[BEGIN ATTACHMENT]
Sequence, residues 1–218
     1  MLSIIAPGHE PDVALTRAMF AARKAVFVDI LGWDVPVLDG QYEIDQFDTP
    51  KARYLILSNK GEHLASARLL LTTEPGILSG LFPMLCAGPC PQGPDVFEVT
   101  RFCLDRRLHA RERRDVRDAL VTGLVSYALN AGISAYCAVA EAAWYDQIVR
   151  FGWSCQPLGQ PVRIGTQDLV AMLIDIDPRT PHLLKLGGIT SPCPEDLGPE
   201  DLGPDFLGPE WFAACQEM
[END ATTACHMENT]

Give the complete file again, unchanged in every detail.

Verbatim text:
Sequence, residues 1–218
     1  MLSIIAPGHE PDVALTRAMF AARKAVFVDI LGWDVPVLDG QYEIDQFDTP
    51  KARYLILSNK GEHLASARLL LTTEPGILSG LFPMLCAGPC PQGPDVFEVT
   101  RFCLDRRLHA RERRDVRDAL VTGLVSYALN AGISAYCAVA EAAWYDQIVR
   151  FGWSCQPLGQ PVRIGTQDLV AMLIDIDPRT PHLLKLGGIT SPCPEDLGPE
   201  DLGPDFLGPE WFAACQEM